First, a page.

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Magazine Feature

Ultra Thin GaAs Solar Cells Reach Nearly 20 Percent Efficiency

French and German researchers build solar cell from 205nm GaAs on nanostructured back mirror

Researchers
at the French Centre de Nanosciences et de Nanotechnologies (C2N) have
succeeded, in collaboration with researchers at Fraunhofer ISE and
others, to efficiently trap sunlight in a solar cell thanks to an
ultrathin absorbing layer made of 205 nm-thick GaAs on a nanostructured
back mirror. With this new process of fabrication, an efficiency of
nearly 20 percent was obtained.



Up
to now, the state-of-the-art 20 percent-efficient solar cells
fabricated from GaAs required at least 1 micrometer-thick layers of
semiconductor material, or even 40 µm or more in the case of silicon.
Thinning the absorber automatically reduces absorption of sunlight and
conversion efficiency. A flat mirror at the backside of the cell can
help and lead to double-pass absorption, but no more. Yet, a stronger
thickness reduction would enable material savings of scarce materials
and industrial throughput improvements due to shorter deposition times.
But previous attempts of light trapping have been greatly limited in
performance by the optical and electrical losses.


Researchers
of the team led by Stéphane Collin at the Centre for Nanoscience and
Nanotechnology - C2N (CNRS/Université Paris-Saclay), in collaboration
with Fraunhofer ISE in particular, have developed a new strategy to trap
light in ultrathin layers made of only 205 nm-thick GaAs. The guiding
idea was to conceive a nanostructured back mirror to create multiple
overlapping resonances in the solar cell, identified as Fabry-Perot and
guided-mode resonances.


They
constrain light to stay longer in the absorber, resulting in efficient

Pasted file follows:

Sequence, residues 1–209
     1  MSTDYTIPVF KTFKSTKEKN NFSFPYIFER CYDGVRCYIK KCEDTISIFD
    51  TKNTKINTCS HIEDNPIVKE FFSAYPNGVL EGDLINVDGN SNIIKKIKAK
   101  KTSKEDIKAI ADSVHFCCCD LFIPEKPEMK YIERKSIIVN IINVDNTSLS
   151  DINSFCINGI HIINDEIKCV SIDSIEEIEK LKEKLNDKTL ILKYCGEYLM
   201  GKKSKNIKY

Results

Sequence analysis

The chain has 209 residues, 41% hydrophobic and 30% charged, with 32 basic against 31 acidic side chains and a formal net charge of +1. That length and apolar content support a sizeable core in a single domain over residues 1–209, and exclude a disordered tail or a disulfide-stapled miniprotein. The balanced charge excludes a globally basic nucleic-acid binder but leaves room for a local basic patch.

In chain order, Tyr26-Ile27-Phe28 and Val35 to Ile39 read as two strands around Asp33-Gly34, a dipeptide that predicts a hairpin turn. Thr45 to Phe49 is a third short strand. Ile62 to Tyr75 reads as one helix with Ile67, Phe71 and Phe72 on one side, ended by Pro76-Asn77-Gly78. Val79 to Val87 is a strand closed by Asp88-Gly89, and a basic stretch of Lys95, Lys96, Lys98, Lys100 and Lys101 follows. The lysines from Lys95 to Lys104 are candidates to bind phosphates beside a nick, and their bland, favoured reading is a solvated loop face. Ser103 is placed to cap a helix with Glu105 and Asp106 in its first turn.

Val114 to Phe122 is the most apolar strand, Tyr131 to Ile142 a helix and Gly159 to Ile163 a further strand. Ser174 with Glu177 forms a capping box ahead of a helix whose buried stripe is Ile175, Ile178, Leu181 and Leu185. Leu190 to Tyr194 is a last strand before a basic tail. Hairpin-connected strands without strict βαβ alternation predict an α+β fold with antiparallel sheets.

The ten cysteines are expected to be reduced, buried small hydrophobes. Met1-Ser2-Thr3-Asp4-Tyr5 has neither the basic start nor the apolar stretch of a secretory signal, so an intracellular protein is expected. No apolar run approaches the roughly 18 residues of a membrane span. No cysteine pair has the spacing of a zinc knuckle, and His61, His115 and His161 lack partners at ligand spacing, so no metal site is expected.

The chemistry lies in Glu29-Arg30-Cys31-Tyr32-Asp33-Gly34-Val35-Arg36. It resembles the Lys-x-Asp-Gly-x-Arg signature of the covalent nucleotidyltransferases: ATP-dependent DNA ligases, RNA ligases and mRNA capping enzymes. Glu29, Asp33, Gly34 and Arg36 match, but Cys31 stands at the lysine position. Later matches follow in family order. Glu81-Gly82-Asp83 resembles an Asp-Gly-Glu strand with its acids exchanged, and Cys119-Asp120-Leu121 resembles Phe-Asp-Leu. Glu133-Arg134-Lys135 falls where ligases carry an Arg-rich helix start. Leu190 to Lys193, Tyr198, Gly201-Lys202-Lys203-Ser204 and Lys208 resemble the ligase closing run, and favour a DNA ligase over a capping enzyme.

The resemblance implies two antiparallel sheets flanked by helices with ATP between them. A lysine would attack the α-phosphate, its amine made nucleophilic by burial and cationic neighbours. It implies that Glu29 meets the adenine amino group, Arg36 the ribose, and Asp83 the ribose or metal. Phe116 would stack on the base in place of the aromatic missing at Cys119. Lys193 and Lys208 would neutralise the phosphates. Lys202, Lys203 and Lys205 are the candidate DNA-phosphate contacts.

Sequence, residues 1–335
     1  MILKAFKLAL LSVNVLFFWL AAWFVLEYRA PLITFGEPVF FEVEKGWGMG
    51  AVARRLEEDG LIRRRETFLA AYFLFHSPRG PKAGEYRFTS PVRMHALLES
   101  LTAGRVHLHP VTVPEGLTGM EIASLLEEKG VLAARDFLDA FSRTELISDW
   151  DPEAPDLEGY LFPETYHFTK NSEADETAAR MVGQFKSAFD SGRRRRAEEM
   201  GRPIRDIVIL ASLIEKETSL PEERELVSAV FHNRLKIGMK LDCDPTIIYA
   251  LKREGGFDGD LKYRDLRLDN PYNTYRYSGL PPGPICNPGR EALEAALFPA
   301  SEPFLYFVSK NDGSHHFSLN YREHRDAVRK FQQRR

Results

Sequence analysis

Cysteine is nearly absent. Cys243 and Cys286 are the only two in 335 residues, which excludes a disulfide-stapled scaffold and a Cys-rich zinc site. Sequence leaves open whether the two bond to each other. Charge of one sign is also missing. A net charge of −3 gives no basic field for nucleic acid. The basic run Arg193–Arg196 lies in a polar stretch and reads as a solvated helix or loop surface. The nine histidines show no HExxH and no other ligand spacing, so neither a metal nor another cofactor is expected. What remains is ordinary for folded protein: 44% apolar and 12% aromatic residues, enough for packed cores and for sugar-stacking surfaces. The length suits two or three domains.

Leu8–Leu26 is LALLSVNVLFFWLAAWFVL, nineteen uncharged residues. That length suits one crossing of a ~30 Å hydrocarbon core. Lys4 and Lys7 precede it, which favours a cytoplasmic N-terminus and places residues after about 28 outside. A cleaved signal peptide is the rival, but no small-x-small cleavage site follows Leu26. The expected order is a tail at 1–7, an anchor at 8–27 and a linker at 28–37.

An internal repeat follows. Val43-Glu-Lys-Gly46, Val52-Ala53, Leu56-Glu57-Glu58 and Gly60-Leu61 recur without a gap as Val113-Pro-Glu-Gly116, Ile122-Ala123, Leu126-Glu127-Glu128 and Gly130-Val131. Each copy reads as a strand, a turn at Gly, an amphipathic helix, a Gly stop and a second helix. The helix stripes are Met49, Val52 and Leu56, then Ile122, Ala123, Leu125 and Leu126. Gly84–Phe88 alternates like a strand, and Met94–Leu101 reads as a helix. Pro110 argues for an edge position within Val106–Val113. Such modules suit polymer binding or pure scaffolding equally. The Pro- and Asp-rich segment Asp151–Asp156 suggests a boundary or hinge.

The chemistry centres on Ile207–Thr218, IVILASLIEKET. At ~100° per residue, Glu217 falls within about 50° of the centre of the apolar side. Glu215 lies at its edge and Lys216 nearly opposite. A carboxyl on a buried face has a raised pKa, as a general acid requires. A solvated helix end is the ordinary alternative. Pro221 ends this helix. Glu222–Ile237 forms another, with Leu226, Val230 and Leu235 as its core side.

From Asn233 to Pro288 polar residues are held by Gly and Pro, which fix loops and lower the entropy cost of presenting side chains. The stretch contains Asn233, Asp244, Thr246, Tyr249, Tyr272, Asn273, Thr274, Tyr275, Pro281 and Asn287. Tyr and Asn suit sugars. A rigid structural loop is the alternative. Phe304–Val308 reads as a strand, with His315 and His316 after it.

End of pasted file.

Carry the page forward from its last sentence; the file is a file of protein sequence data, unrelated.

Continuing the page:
optical absorption despite the low quantity of material. Thanks to
numerous resonances, absorption is enhanced over a large spectral range
that fits the solar spectrum from the visible to the infrared.
Controlling the fabrication of patterned mirrors at the nanometer scale
was a key in the project. The team used nanoimprint lithography to
directly emboss a sol-gel derived film of titanium dioxide, an
inexpensive, rapid and scalable technique.




The picture
above shows (left) sketch of an ultrathin solar cell made of GaAs with a
nanostructured back mirror and (right) photograph of a sample showing
the diffraction effect of a nanostructured mirror in air (coloured
shine) and the absorption enhancement effect in ultrathin solar cells
(square black areas).

“Together with our French partners we are very happy about this result and its publication in the renowned journal Nature Energy,
says Frank Dimroth, Head of the Department III-V Photovoltaics and
Concentrator Technology at Fraunhofer ISE. And he adds: “We expect to
be able to even further improve the efficiency of ultrathin solar
cells”.



The work published in Nature Energy
demonstrates that this architecture should enable 25 percent efficiency
in the short term. Even if the limits are still unknown, researchers
are convinced that the thickness could be further reduced without
efficiency loss, at least by a factor of two. GaAs solar cells are still
commercially limited to space application due to their cost. However,
researchers are already working to extend this concept for large-scale
photovoltaics made of e.g. CdTe, CIGS or silicon materials.





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